1. All business plan descriptions included in competition entries have to be the creators’ unique creations.
  2. All data included in any materials submitted for the competition must be true.
  3. It is not necessary for participants to be the original inventors, creators, or owners of the intellectual property that forms the basis of their business strategies. Before the semi-finals, teams that depend on intellectual property that was developed, invented, or owned by a third party (referred to as “Third-Party IP”) must show that they have obtained written consent from any such third party in order to use the Third-Party IP as a foundation for their business plan. This permission should cover both the general right to use the Third-Party IP as the foundation for the business plan and the specific right to use any figures, photos, or other content included in the plan for reference or reproduction. Anytime an entry uses any intellectual property belonging to a third party, full credit must be given. Teams must include a description of the type and scope of any agreements or contacts they have had, or will have, with Third-Party IP owners in the Intellectual Property Disclosure Statement that they submit with their application.
  4. All entries have to be made fully aware of MIT’s intellectual property rights requirements. The participant bears the duty of verifying that no third party, including a research assistant or sponsor, has any rights to the contents that could prohibit their use.
  5. Plagiarism of any type is absolutely prohibited and will result in exclusion from the MIT CEP. This includes reproducing photographs or other content without citing the original source or, where applicable, without obtaining permission from the content owner or creator. The MIT CEP Managing Directors will have the final say over whether to disqualify a team. For the team to be eligible for monetary rewards, all photographs and other content included in the competition entry materials of the entrant must include the required citations. Please refer to MIT’s Policy on Academic Integrity for further details.
  6. After consulting with independent legal counsel and/or working with the owners of any Third-Party IP, entering teams are expected to take action to protect the intellectual property described in their entries, whether it is their own or that of Third Parties, through the appropriate filings and notices (patent, copyright, etc.). While such agreements are not required to be formalized in order to compete, entering teams are encouraged to pursue suitable licensing arrangements with the owners of Third-Party IP.
  7. Teams who are entering the market should be ready to submit supporting evidence for any assertions they make about the intellectual property that underpins their business strategies, including assertions about the licensing of third-party intellectual property.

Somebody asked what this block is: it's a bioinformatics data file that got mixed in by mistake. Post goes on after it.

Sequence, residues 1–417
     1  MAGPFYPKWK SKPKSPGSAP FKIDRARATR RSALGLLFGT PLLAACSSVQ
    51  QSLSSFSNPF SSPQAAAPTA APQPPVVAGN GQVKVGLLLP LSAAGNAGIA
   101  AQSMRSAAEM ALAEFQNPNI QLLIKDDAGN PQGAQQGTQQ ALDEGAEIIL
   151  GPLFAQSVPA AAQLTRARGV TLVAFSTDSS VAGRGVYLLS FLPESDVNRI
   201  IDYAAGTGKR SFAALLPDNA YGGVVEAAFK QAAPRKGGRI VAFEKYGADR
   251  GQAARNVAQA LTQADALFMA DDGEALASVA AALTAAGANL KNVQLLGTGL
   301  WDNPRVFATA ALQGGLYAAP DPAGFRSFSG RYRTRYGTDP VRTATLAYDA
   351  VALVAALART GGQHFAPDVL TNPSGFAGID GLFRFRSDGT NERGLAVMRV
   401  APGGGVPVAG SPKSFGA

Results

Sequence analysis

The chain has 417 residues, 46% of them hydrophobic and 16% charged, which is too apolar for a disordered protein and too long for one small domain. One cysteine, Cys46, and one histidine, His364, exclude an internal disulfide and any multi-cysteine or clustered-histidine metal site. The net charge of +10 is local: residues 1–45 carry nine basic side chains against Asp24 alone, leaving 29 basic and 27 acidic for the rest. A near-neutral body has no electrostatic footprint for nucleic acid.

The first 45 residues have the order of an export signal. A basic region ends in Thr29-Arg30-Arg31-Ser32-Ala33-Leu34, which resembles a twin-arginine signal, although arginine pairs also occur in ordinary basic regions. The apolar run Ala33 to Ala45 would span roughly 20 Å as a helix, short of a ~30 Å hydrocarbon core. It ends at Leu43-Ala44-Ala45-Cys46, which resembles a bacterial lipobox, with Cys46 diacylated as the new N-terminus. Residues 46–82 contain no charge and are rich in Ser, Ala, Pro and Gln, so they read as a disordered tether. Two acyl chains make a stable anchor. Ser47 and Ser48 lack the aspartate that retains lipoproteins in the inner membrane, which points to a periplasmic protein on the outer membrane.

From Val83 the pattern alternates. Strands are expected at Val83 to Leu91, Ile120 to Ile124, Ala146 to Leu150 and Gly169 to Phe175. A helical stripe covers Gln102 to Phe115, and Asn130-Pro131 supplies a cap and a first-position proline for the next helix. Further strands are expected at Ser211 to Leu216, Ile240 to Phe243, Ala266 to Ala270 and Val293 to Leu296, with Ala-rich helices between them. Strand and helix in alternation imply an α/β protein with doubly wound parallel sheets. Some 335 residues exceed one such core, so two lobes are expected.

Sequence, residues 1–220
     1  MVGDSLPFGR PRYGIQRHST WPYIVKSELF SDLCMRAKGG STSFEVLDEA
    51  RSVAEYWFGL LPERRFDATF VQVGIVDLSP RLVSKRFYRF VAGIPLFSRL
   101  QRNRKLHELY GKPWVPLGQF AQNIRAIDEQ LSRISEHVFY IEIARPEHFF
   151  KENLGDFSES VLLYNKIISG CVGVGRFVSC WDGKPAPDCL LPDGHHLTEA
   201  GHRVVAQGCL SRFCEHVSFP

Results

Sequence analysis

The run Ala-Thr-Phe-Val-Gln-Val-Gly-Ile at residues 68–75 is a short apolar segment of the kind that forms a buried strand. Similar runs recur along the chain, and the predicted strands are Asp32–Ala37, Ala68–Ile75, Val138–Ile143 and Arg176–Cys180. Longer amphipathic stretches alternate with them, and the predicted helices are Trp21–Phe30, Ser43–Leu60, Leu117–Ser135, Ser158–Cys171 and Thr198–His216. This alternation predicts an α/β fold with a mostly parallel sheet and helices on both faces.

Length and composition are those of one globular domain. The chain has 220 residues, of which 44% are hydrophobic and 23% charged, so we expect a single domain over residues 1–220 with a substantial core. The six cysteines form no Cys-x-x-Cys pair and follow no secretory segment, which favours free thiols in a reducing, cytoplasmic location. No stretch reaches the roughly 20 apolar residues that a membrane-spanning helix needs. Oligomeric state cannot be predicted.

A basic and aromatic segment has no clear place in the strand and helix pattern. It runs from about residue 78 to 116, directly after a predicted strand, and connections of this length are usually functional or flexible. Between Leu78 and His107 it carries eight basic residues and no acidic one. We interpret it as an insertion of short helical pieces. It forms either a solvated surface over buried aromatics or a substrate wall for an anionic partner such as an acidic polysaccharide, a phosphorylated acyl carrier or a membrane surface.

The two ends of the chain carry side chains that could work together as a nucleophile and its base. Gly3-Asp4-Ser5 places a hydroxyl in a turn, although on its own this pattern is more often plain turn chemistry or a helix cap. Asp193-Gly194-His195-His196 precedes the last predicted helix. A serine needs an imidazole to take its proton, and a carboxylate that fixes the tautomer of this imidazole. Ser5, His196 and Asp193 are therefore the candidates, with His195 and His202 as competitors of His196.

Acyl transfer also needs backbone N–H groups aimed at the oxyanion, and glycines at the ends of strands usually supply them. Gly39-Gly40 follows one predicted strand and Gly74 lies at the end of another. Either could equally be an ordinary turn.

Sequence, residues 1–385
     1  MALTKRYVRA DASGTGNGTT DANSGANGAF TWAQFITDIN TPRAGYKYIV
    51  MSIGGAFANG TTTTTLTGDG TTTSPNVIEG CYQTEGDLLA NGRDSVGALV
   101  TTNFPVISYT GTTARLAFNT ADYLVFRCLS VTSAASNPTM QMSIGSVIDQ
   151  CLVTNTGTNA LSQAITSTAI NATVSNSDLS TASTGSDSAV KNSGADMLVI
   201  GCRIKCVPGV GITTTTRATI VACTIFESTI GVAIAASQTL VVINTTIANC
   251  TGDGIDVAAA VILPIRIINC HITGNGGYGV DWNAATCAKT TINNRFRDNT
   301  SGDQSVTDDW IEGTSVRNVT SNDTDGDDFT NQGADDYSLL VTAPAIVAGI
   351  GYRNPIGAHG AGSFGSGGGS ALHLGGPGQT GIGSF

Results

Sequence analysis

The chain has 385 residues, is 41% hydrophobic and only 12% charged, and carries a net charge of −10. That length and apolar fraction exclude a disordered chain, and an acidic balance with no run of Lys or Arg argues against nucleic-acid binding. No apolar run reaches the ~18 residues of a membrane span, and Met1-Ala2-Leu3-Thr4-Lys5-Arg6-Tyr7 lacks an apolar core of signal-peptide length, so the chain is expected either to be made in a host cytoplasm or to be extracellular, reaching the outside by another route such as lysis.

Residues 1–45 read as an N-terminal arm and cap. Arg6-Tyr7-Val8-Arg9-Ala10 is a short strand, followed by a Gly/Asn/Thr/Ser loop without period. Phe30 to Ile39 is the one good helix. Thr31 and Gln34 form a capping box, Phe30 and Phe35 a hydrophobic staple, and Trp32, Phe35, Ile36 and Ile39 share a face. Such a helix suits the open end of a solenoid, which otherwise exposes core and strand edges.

8. When a software component is included in an entry, it should be made explicit which parts of the software product were developed by the team. These competitors must make sure they have obtained all rights to the software product’s components that aren’t the team’s exclusive property and are required to carry out the business plan.


  1. Entry materials will only be available to the Managing Directors of the MIT CEP, the Vice Presidents of Mentorship and Judging, the Judging Panels, and the MIT CEP sponsors. Teams submitting entries must understand that any data they provide is not covered by a non-disclosure agreement.
  2. Participating teams will not sign non-disclosure agreements with the Leadership Team, Judging Panels, Mentors, Sponsors, or other MIT CEP affiliations.


  1. The final say of a team’s eligibility belongs to the MIT CEP Managing Directors.
  2. Disqualification from the MIT CEP and/or the requirement that any MIT CEP awards be forfeited and/or returned may occur from (i) failing to adhere to these Rules and Conditions of Eligibility or (ii) failing, at the sole discretion of the MIT CEP Managing Directors, to accurately make any disclosures required by the MIT CEP or its affiliates.
  3. The MIT CEP has the right to periodically amend these Rules and Conditions of Eligibility. An entrant will have the chance to make any necessary modifications to their contribution to ensure that it complies with the most recent Rules and Conditions of Eligibility in the event that they are modified after their contest entry has been received but before the contest judging.

For More Information and how to Apply, Visit MIT CLIMATE & ENERGY OFFICIAL WEBSITE | MIT CLIMATE & ENERGY PRIZE ($100,000 in funding)